Therefore, in the worst case of a catastrophic failure or attack that affects a large part of the stakers, there is always an opportunity to agree to roll back the chain with no consequences.
We are planning another trial in mid-October, the prong test net. A few days later, I expect the deposit agreement with a target beacon chain genesis to be concluded within about six weeks.
See Also: 3 Things You Should Know Before Choosing Ethereum 2.0
Staking out won’t be for everyone right from the start.
One reason for this is that it can be very technically demanding. Stakers need to keep a server running as 24/7 as possible. They need to keep their systems secure and stay abreast of client software updates. For those who are unsure of hosting a stakeout node themselves, there are numerous third-party services available. Within ConsenSys we offer Codefi Staking, a turnkey white label solution for companies interested in Ethereum 2.0.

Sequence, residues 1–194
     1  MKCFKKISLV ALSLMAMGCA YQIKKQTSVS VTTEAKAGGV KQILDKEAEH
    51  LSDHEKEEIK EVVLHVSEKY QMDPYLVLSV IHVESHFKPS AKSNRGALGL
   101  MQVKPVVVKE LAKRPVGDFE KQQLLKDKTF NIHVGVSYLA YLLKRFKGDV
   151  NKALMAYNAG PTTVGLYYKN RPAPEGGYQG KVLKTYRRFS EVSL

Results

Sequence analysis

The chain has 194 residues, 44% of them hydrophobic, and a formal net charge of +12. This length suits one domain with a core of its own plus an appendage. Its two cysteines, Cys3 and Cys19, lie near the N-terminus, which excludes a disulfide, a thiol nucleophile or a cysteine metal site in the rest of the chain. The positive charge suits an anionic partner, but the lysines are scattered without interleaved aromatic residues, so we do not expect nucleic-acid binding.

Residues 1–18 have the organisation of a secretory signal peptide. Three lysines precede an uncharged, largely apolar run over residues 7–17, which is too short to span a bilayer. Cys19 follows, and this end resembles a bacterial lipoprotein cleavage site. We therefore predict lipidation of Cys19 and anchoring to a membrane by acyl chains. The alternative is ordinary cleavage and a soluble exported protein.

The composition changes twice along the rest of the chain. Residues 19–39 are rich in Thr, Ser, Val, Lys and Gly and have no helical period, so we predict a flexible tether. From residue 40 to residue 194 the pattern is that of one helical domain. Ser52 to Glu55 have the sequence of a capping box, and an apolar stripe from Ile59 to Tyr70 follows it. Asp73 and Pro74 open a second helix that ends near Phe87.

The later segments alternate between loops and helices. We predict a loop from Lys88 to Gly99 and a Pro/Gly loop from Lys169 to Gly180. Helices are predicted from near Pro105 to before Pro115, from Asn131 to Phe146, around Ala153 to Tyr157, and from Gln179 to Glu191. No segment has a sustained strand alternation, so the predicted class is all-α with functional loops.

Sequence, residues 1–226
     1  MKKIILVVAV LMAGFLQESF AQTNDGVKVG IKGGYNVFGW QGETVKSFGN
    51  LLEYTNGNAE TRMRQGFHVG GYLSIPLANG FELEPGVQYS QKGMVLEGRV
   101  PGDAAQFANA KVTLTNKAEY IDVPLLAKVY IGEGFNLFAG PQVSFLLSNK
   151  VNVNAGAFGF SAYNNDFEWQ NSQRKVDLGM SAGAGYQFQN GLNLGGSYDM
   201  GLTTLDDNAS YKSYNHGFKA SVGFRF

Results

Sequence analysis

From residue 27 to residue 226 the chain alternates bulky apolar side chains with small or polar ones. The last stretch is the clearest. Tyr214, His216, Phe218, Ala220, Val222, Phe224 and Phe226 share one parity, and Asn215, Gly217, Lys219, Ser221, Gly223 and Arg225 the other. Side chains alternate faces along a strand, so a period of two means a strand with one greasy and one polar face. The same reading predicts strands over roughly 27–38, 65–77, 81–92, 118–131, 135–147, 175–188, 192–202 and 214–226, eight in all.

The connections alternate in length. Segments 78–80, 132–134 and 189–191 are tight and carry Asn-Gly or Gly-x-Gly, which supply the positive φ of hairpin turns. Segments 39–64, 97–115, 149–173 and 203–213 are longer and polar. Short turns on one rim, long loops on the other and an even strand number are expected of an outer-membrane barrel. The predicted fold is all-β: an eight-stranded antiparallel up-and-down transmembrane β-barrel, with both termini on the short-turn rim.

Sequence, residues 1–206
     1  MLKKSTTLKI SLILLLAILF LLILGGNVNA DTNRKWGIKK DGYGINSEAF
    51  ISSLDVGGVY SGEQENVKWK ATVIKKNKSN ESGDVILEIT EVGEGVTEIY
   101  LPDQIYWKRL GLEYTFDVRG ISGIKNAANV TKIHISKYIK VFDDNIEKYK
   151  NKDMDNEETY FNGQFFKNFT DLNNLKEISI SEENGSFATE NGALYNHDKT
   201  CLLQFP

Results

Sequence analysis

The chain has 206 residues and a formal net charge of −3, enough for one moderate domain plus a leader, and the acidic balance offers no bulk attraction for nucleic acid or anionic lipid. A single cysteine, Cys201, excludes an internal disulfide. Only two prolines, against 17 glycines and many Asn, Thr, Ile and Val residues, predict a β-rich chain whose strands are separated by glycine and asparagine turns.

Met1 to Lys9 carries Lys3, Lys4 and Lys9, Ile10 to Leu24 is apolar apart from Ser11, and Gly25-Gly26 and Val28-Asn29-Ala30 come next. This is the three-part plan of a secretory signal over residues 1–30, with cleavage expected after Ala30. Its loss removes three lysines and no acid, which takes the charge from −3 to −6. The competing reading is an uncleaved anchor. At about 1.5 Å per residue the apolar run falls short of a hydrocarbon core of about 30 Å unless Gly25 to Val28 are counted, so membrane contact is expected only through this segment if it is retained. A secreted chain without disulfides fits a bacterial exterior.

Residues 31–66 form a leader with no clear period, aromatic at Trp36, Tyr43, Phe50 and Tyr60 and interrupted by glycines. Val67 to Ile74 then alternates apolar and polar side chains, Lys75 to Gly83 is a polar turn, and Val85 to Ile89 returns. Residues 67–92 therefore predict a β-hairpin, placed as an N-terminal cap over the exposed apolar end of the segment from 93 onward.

Another thing to keep in mind is that you are committed to the long haul in the long run. Right from the start, stakers can stop validation and freeze their stakes and rewards if they so choose. However, this ether remains stuck on the beacon chain until phase 1.5 of the Eth 2.0 roadmap has been delivered.
Phase 1.5 is the point at which the current Ethereum chain, along with all of its accounts and contracts, is integrated into the Ethereum 2.0 system. Only then can the stakers claim their rewards and get their stakes back. Until then, there is no way to leave your balance. Work on Phase 1.5 is progressing well, but there is no fixed delivery schedule. It could be a few more years.
I’ve been involved in Ethereum 2.0 long enough and followed it closely enough that I think I know where all the bodies are buried. I’m confident enough in the integrity and safety of what we’ve built and the teams that built it that my household plans to work on the beacon from day one.
If you’d like to join us in supporting this extraordinary development of the Ethereum network, keep an eye out for official announcements over the next few weeks. In the meantime, it’s not too late to get a hands-on glimpse into the future by joining the Medalla testnet.
See Also: 3 Ways Staking Out Will Improve Ethereum Economics